Venue: Chan Centre
Date: Friday 31 October, Saturday 1 November 2003 8.00pm

Reviewer: Lois Carter






Conductor: Kazuyoshi Akiyama Cello Denise Djokic 
Mozart Overture to The Magic Flute Haydn Cello Concerto in D Major Handel/Harty Water Music Suite Arriaga Symphony in D major


Kazuyoshi Akiyama, Conductor Emeritus of the VSO and winner of Japan's highest honour (the Emperor's Award), stepped confidently on to the stage of the Chan Centre to conduct tonight's performance.

This small diminutive figure with elegant grey hair belies the inner greatness of a man whose musicianship is at once apparent from the moment he raises the baton

Mozart's Overture to The Magic Flute, written in 1791 just after the French Revolution and just before his death, was his final composition for the stage. Having been introduced to freemasonry by Joseph Haydn, the rituals, tests and initiations all come into play throughout the work.

The VSO's orchestral contrast in dynamism and mood gave credence to the solemnity and humour found in the score.

It is said that Joseph Haydn wrote as many as eight cello concertos but only two are deemed to be authentic.

As a young high school student, I was taken to hear Jacqueline DuPre and remember being far more fascinated by her ability to gesticulate whilst playing the cello





than I was by the amazing sound she produced. It came as a relief that Denise Djokic's understated gesticulations allowed one to concentrate purely on her exquisite playing. At the age of 22, she is already showing an ability for remarkable musical interpretation. The Adagio was possibly a little dull as it lacked the intensity which in turn holds the listeners' attention, but that is only a question of developing maturity as a player. Her technique is solid and she tackled the cadenzas with particular virtuosity, especially in this work, where Haydn 'takes no prisoners' and every note played is exposed.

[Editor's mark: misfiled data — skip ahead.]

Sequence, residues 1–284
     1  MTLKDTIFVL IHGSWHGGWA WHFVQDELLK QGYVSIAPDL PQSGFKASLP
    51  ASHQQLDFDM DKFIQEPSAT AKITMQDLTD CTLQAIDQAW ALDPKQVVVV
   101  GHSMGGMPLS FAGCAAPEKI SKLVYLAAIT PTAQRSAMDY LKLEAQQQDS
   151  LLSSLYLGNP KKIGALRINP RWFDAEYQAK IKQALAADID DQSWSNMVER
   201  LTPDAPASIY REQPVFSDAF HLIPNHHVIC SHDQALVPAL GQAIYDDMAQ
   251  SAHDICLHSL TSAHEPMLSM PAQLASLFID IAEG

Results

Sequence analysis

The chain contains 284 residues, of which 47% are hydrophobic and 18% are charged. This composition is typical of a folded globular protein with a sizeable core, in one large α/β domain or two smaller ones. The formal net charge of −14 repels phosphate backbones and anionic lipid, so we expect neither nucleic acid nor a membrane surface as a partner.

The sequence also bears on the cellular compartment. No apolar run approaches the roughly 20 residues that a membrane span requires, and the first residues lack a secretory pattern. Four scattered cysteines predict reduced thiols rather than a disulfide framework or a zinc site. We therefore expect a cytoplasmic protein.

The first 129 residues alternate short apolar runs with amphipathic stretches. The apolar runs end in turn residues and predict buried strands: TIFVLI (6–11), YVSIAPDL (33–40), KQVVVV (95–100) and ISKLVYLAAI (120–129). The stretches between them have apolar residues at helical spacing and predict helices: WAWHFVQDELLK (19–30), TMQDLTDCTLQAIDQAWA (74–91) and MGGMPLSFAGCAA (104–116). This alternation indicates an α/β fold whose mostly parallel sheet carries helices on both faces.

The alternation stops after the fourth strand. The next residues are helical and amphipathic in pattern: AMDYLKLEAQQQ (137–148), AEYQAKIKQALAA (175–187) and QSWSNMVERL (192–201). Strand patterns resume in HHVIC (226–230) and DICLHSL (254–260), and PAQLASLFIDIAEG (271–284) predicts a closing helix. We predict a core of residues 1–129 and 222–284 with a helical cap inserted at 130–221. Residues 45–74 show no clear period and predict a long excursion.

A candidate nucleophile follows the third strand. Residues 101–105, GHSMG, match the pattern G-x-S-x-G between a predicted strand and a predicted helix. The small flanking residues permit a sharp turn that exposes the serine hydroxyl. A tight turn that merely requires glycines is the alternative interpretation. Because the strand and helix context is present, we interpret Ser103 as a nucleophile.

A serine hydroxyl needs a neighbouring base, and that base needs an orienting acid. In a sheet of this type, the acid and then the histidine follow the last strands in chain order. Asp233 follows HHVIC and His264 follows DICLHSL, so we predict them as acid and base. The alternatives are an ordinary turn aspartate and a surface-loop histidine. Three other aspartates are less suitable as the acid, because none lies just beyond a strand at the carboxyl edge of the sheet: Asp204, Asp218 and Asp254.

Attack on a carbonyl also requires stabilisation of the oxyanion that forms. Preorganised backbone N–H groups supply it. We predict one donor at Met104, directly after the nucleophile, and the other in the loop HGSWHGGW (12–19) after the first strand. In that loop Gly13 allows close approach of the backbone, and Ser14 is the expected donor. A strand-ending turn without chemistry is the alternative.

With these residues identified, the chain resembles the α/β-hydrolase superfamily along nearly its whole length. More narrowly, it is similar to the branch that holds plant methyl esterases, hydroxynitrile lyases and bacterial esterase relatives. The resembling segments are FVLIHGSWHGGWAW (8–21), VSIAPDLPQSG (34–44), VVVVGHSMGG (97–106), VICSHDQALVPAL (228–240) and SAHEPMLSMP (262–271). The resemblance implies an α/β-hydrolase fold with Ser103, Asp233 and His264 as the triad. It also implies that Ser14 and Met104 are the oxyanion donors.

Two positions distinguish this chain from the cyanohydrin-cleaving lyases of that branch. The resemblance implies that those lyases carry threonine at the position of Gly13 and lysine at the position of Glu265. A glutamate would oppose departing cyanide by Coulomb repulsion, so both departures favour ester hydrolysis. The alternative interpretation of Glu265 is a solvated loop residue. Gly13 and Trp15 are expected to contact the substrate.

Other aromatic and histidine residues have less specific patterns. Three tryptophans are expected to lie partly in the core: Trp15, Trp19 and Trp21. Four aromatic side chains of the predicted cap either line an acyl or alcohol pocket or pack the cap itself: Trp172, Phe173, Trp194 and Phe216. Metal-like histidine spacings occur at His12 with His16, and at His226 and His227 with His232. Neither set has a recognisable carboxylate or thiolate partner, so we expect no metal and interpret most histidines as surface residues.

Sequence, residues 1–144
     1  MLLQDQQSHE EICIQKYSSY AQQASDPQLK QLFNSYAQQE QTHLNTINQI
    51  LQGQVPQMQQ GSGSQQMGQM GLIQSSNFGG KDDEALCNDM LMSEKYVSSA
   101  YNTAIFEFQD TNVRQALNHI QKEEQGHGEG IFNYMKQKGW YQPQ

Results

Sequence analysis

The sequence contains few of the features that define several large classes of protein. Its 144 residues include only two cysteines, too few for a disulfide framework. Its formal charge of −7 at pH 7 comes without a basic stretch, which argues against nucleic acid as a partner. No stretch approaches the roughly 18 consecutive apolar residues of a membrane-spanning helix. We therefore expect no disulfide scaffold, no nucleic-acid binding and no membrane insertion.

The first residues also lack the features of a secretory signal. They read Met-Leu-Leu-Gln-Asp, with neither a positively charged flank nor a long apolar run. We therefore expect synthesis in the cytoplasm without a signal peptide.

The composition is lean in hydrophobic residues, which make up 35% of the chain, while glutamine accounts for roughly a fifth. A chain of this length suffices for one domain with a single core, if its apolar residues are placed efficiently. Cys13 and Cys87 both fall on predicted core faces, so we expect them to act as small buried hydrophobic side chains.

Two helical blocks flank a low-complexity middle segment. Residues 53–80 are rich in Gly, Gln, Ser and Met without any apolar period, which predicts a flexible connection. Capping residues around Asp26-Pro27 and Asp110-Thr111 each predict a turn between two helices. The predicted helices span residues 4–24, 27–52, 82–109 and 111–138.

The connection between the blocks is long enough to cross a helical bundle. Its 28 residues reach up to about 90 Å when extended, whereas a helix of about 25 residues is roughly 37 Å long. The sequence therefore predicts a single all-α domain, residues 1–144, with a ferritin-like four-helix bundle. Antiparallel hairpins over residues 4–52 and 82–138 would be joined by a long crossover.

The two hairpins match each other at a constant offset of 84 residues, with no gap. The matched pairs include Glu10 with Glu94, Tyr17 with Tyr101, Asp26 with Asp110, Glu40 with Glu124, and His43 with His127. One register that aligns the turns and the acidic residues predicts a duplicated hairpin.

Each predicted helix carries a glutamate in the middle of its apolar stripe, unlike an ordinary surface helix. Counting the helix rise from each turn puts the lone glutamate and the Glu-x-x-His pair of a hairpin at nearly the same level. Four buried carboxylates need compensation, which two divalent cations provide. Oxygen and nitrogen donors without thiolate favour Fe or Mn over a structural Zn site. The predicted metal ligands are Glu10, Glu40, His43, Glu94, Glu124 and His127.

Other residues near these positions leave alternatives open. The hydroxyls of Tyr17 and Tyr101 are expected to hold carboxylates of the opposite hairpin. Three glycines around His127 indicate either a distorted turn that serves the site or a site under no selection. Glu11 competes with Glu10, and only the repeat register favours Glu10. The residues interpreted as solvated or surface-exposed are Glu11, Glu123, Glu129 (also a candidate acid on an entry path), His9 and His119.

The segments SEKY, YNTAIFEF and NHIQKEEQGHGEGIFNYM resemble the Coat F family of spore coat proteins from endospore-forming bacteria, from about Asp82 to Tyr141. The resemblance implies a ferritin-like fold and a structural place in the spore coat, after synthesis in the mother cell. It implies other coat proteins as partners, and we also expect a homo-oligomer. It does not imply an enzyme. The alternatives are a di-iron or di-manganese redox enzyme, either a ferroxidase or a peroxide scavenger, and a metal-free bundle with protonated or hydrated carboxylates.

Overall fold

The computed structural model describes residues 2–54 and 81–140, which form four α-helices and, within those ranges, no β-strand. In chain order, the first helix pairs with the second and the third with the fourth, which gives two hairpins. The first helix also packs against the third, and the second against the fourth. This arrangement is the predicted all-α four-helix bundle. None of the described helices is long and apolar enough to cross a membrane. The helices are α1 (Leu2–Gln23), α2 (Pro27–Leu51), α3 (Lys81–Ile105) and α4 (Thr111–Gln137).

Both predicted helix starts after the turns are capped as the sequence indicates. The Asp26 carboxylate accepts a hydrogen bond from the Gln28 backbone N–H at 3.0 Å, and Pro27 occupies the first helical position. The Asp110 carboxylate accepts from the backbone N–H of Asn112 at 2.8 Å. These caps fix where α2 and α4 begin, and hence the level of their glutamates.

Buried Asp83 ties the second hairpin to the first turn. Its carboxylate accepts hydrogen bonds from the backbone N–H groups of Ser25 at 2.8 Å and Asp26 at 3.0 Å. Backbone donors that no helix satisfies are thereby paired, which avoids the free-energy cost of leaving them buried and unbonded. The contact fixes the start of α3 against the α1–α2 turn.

In Handel's Water Music arranged for modern orchestra by Sir Hamilton Harty, Akiyama demonstrated musical statesmanship which in turn drew a response from the players of which Handel himself would have been proud. In this very well known and very often performed piece, there was no sentimental romanticizing but a full, intense and clearly directed ensemble of sound. The sensitivity in the Andante produced some of the best playing of the evening.

To conclude, Arriaga's Symphony in Dmajor was sheer delight. The composer died just before his twentieth birthday and one wonders what other musical delights would have our privilege had he survived. This piece provided an attractive finish to a very pleasant evening.

2003, Lois Carter